Wednesday, 22 August 2012


OK, so I have very little time these days to do blog posts and quite frankly posts all about 'we have done this and we have done that' become quite tedious after a petit moment for you, the reader. But the daft thing is that our new life here is made up of so much more than 'doings'. This is a whole new 'experience', made all the richer by the characters that make up our community here. I still can't put a name to them all, although of course the introductions have been made. Give me a chance.... it's still early days! But suffice it to say that I have never felt so 'at home' in France. Allow me to just give a nod to the characters who have contributed to this feeling. I'll start with the Maylins. Other characters will no doubt form the basis of future posts.

Monsieur Maylin no. 1;
One of three Maylin brothers who live in the next three houses down the road from us, all aged in their 60s/70s. No. 1 is the chappy who held the key to our new home ... literally. He opened the door to the agent and ourselves when we visited for the first time back in May. He is also the owner of the 5 horses that I invited to feast on the lush grass that was preventing us from creating my longed-for potager. He is a quiet, unassuming, patient, hard-working chap who is worth his weight in gold. He is also the owner of a bonkers boxer (dog) who is confined 24/7 to the house or (if he is very lucky and the wind is blowing in the right direction) to the little yard/garden. Said dog is still 'intact' which could conceivably explain his totally manic/frenzied behaviour whenever anybody passes the gate, behaviour which reaches fever pitch should Taff decide to tease/taunt him with a playful bounce as we pass by on our morning walk. I have suggested castration as a possible remedy for his seemingly intolerable behaviour. M Maylin was unimpressed. On the other hand, I could just accept that said dog it just bored out of his mind. It is not for me to conjecture. I comfort myself in the knowledge that M Maylin 1 has a big pile of well rotted horse manure that is going to render my fledgling potager the most productive potager in the hamlet. Thank you M Maylin 1.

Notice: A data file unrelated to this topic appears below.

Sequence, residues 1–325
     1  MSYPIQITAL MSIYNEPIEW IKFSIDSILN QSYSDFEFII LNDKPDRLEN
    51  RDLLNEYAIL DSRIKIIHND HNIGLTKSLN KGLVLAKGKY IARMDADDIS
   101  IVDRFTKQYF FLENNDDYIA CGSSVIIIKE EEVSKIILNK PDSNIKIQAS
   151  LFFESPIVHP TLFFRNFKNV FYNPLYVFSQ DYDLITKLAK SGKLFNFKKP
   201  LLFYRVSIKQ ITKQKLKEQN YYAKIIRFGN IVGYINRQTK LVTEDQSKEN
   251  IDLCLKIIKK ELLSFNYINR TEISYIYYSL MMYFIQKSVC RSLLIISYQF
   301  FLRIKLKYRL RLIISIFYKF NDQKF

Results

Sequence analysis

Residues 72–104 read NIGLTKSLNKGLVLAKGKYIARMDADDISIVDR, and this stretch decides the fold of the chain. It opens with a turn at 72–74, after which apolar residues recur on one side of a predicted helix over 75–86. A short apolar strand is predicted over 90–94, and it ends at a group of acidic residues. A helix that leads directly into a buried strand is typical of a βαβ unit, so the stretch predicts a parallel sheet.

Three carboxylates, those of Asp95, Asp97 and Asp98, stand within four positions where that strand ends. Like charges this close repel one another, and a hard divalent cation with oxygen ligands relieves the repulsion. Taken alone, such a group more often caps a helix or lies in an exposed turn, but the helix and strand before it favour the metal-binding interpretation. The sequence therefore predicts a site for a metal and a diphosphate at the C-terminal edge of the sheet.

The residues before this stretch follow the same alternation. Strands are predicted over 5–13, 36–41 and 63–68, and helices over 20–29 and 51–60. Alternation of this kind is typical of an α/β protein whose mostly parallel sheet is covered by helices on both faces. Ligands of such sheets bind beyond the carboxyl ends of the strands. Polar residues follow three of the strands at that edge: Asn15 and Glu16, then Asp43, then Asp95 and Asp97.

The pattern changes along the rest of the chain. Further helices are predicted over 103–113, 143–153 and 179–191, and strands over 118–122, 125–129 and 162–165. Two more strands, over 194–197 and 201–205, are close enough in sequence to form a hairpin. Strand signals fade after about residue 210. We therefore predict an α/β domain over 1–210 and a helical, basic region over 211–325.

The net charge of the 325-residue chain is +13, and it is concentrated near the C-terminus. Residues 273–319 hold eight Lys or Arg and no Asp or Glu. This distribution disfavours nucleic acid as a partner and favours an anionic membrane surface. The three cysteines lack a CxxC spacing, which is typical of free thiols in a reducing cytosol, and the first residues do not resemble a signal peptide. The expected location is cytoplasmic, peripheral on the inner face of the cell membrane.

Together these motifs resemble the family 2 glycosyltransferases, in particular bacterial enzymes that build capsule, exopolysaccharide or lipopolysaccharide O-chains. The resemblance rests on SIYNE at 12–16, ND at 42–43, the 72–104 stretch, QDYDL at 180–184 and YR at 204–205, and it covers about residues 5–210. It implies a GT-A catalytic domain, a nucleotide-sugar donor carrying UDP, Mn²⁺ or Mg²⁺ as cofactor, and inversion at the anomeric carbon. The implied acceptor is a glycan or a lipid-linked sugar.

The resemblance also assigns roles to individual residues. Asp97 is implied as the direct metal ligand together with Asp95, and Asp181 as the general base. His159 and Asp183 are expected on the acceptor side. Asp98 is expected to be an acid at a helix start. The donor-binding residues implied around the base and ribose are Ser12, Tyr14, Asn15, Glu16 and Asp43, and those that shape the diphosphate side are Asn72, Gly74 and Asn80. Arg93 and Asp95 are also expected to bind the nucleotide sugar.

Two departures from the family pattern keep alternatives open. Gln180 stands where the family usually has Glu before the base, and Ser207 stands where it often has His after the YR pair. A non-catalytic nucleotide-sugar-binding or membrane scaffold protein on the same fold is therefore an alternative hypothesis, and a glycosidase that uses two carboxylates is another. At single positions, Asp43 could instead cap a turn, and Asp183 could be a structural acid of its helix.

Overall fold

Monsieur Maylin 2
This is the second of the Maylin brothers. He is also the most rotund. He has a strong regional accent. He apparently suffered a stroke a few years ago which explains why his speech is almost unintelligible to myself and even more so to Andy. Fortunately, M Maylin 2 is very aware of the communication problems that this generates and apologies incessantly for being so incomprehensible but the important thing is that we are able to communicate and besides,  M Maylin 2, you have given us the use of your fantastic, ancient, still fighting, 6 blade rotavator (which you get going with the aid of a length of rope, I kid you not) which has allowed us to turn over the patch for my potager, which M Maylin 1's horse manure is now nourishing and in which the most delicious winter greens will be grown, I assure you. M Maylin 2 also has two of the most delightful grandchildren that you could ever wish to meet, although I have no idea of their names. Suffice to say that the young lad (around 10 yrs old?), is made up when he is allowed to take the big quad bike out.

Monsieur Maylin 3
This is the third of the Maylin brothers. He has a cat that gave birth to kittens behind the tractor. His wife grows lovely lettuce. Apart from that, he is, so far, an enigma to me. But it's still early days, early days